As for why, Tan said women themselves may not recognize the urgency of their symptoms.
Heart attack occurs in about a quarter of those who present with cardiac arrest. But heart attack symptoms in women may be harder to recognize than the classic "Hollywood heart attack" of clutching the chest and starting to sweat that men often experience, cardiologists say.
In women, those chest symptoms of a heart attack may occur, or there could be profound nausea and vomiting with palpitations, lightheadedness, extreme fatigue or discomfort in the neck, jaw, shoulder, arms or back.
It's also possible that fewer women with cardiac arrest receive attention from a bystander, to call 911 for instance, because more elderly women live on their own than elderly men.
Besides education campaigns to raise awareness, the study's authors suggested quicker access to resuscitation care for elderly women living alone. Providing more AEDs in long-term care homes could help.
Pregnancy, menopause and hormonal changes also affect the heart.
The Dutch findings likely apply in Canada, said Dr. Paula Harvey, chief of medicine and cardiology division head at Women's College Hospital in Toronto.
Women more likely to live alone
The reasons for the survival differences between women and men also depend on multiple social factors. For instance, women who are living on their own could be encouraged to wear a device around the neck to send an alarm if she starts to experience symptoms, Harvey said.
"The gender issues and then the biological issues go hand in hand," Harvey said.
Earlier this month, researchers at the Institute for Clinical Evaluative Sciences published their findings on adults' use of emergency departments before out-of-hospital cardiac arrest in Ontario from 2007 to 2018.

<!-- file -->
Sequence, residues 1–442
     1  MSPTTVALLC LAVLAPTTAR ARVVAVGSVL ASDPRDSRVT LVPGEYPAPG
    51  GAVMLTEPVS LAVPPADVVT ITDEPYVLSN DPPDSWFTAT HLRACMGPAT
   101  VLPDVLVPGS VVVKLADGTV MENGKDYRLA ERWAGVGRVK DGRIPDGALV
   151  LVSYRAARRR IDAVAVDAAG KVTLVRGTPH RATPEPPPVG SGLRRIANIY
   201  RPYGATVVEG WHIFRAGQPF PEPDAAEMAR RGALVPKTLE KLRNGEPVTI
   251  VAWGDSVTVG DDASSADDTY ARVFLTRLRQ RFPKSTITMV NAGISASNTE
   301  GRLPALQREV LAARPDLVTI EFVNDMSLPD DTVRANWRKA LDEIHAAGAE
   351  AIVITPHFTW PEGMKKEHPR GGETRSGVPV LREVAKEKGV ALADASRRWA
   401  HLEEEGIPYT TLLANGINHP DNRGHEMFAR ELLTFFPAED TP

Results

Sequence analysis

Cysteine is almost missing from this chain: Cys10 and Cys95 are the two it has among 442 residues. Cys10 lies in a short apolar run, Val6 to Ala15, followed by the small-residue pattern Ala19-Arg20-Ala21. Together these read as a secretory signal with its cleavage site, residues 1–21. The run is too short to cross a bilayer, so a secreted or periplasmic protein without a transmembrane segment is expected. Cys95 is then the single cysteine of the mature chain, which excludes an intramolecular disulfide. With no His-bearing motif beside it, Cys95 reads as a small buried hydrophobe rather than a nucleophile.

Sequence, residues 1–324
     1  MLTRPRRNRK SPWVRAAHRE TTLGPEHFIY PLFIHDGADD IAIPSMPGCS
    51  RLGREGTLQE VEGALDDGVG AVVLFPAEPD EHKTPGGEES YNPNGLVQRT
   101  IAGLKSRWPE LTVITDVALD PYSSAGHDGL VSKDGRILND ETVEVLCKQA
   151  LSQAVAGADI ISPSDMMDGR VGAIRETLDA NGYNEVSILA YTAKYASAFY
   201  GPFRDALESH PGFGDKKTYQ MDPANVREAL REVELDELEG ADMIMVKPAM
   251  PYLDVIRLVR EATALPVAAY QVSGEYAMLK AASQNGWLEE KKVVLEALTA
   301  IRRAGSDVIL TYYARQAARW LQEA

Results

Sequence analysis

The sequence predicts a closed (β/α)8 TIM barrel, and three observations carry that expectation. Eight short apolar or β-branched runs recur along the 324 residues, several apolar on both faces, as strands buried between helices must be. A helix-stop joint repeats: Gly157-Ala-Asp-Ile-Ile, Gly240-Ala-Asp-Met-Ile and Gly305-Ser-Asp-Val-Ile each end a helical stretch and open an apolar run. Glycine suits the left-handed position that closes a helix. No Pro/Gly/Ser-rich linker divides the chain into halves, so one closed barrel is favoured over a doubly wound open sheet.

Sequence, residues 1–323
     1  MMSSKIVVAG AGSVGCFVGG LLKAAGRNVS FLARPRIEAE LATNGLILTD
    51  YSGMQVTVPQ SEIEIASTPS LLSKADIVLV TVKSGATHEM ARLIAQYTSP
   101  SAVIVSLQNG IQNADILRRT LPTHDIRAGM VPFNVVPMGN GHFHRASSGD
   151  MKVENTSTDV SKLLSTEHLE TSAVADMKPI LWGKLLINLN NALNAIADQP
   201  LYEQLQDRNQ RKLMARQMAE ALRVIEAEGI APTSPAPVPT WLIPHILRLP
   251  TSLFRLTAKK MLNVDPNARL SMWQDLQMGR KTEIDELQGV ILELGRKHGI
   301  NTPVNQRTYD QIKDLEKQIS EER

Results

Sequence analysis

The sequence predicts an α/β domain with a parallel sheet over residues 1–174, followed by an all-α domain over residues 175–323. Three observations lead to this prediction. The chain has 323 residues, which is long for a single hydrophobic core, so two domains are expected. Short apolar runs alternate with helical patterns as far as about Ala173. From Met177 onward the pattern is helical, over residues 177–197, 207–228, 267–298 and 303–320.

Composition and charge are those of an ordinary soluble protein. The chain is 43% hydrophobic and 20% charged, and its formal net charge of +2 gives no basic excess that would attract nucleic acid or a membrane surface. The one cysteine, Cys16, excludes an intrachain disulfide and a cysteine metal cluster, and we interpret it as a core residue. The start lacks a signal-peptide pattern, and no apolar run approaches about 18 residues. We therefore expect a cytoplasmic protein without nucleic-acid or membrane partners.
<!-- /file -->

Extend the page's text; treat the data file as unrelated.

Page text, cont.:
Conventional wisdom holds that out-of-hospital cardiac arrest occurs without previous contact with the health-care system. But the Ontario study found that more than one in four patients were assessed in the emergency department in the 90 days before their cardiac arrest.
"That study was a really important study," Harvey said, because those symptoms are a warning signal for future prevention strategies. "These people clearly are developing a severe heart problem that is putting them at risk of sudden death."
It's also important to train the general public to recognize when someone is unconscious, not breathing and there's no circulation, she said.
"Just by doing chest compressions you increase significantly the chance of survival. And of course if there is an automatic external defibrillator that can be used," Harvey said.
Melissa Dunlay of Saint John, N.B., is extremely grateful that staff at her dental office used an AED on her when she experienced cardiac arrest in January.
"They noticed I wasn't breathing, they got out the AED machine and started CPR," Dunlay recalled. "I was shocked five times at the office and four more in the ambulance."
Dunlay, 42, described herself as physically active. She said she doesn't smoke or drink and doesn't have a heart condition, underscoring the importance of more awareness of how cardiac arrest can occur in anyone.
With files from CBC's Vik Adhopia